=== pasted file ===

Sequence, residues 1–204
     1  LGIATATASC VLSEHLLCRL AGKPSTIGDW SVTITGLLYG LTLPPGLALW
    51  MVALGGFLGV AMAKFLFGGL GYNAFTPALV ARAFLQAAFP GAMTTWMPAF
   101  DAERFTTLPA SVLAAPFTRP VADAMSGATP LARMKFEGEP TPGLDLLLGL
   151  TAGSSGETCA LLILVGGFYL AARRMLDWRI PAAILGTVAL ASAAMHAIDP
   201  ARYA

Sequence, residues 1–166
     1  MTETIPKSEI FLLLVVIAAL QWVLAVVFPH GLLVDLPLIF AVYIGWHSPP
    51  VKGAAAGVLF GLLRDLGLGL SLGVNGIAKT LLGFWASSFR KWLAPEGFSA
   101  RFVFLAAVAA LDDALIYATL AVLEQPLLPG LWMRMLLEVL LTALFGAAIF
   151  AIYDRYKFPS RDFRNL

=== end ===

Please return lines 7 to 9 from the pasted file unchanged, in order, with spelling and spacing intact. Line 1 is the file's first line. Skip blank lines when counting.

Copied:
Sequence, residues 1–166
     1  MTETIPKSEI FLLLVVIAAL QWVLAVVFPH GLLVDLPLIF AVYIGWHSPP
    51  VKGAAAGVLF GLLRDLGLGL SLGVNGIAKT LLGFWASSFR KWLAPEGFSA